Baywatch in Paleochora
How many different beaches and bays are there between Krios, 8km west of Paleochora, and the town itself? No idea? Neither have I, although the number must run well into double figures. Many can be seen and easily reached from the “corniche” road running along the coast to Koundoura, but others are best viewed and accessed from the sea, and where better than from a kayak, where – as the (very) old song goes – “you’re the skipper and crew.”
Pamela Anderson being busy that September afternoon, Rick joined me for a “baywatch” kayak trip, paddling east from Krios, and hoping to reach the stony beach of Chalikia if the seas off the Paleochora promontory remained calm enough for us to pass between there and the small offshore island.
We left Krios’ shingle beach heading into a slight swell and headwind, which at least kept the temperature down. On a summer’s day it’s hard to imagine winter storms and high seas which wash salt water onto the rocky shore. In early summer the rock pools dry out, leaving crusty high-quality sea-salt (on sale by a roadside entrepreneur in Koundoura at €3 per kilo.)
We edged out to sea, disturbing a cormorant which flapped off noisily. To our left (port!), and almost hidden, lay the tiny sheltered harbour of Koundoura with its colourful fishing boats. Several unnamed shingle beaches came and went before we rounded Cape Plakaki, and turned into the large bay of Grammeno, with shallow water, sandy beach, and a good place to go ashore and stretch our legs.
The west-facing beach of Grammeno is around 100m away from the east-facing, but much longer by kayak around the rocky headland of Cape Grammeno. If you know where to look on the SW tip of the peninsula, there’s a small enclosed lake with a collapsed cave, connected to the sea by an underwater passage. Strong swimmers can take a face-mask, deep breath, and head, literally, for the light at the end of the tunnel.
Many of the beaches between Grammeno and Paleochora’s main beach, Pachia Ammos, have names. The first, Azzurro beach, was always called ‘Umprella Beach’ by Lynne and I because of the “free umprellas” available. Next comes Plakaki, then Karavopetra, translated as “stone prow” on account of the huge rock at the water’s edge. We landed again here, for a late lunch and swim, where the water shelves quickly into crystal-clear depths.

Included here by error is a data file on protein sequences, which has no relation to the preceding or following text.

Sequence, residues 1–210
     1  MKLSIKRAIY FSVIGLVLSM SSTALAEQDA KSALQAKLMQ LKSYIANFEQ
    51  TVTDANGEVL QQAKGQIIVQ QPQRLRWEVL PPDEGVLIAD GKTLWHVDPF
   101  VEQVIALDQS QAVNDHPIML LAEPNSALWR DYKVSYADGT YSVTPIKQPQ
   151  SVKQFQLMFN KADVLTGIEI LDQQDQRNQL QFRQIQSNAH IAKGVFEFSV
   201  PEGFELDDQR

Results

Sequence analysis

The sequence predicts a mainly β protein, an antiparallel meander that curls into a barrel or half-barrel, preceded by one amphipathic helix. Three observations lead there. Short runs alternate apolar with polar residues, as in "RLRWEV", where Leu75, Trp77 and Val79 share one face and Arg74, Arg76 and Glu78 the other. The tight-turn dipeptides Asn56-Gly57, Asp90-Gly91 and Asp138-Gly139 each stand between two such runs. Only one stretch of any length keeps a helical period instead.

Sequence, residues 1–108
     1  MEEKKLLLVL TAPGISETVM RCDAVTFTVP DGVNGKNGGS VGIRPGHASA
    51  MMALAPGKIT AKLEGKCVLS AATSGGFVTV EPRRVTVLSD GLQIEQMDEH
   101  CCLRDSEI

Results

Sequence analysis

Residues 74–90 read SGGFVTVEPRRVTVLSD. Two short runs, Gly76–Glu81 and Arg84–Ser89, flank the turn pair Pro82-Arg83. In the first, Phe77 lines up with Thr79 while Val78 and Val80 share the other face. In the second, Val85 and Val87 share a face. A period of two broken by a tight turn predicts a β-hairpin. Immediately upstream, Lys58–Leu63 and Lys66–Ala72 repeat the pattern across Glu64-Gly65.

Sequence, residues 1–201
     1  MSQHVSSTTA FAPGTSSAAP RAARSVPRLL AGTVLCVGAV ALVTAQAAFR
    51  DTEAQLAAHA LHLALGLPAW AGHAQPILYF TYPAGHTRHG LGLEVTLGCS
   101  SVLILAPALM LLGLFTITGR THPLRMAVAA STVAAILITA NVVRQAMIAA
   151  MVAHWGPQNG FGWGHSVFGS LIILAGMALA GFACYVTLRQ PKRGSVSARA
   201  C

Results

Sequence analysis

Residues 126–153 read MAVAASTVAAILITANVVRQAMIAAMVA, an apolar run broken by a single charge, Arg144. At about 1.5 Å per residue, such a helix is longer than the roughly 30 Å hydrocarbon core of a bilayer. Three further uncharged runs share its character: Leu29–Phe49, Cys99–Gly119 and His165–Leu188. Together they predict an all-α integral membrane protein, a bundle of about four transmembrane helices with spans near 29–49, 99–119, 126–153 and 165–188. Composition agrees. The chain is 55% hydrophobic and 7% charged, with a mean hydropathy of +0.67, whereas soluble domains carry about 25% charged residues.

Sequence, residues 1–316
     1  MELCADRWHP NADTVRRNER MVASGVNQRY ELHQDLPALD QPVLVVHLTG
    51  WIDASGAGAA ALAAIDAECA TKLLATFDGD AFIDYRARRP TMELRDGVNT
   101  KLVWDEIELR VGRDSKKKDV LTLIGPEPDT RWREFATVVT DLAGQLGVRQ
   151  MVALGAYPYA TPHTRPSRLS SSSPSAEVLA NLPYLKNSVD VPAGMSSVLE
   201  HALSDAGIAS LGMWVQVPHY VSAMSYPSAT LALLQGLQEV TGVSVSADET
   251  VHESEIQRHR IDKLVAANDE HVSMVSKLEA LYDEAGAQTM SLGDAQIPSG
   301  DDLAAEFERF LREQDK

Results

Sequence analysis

We paddled past, in quick succession, Trochalou, Psilos Volakas (always known as “jumping rock beach” for obvious reasons, if you’re brave enough), and Kalamia beaches, all just a stone’s throw from the road, and virtually empty, even in the heat of late summer.
But then Limnaki with its shallow lagoon, and the “sandy beach” of Pachia Ammos, one of the best in Crete, were busier, but not crowded, with sun-beds and parasols along most of the sea-front.
So far we had been kayaking in the lee, sheltered from a north wind. With the wind increasing behind us we passed easily below Paleochora’s soccer ‘stadium’, as close as any to the sea, into which footballs inevitably finish up. How are they retrieved I’ve often wondered ? Maybe, as once at my home team, Shrewsbury Town AFC, someone waits in a boat to collect them. Visiting defenders regularly cleared the ball over the Gay Meadow stands into the River Severn, where a local boatman collected them – half-a crown for each one returned, and whenever we played Grimsby he made a small fortune.
The gap between the promontory and island with lighthouse is surprisingly shallow, and we took care not to “bottom” on any sharp rocks just below the surface. The easy option, as we turned into the wind, was to paddle into the Marina and shelter, but we continued valiantly through now choppy waters, arms working hard to make progress north to the Skala jetty.
And so to the final beach of our afternoon expedition, Chalikia or Paleochora’s “stony beach”, where, once ashore, the kayaks on dry land and a change of clothes later, we relaxed at ‘Votsala’ cafe and had the best fresh orange juice I’ve enjoyed in a long time.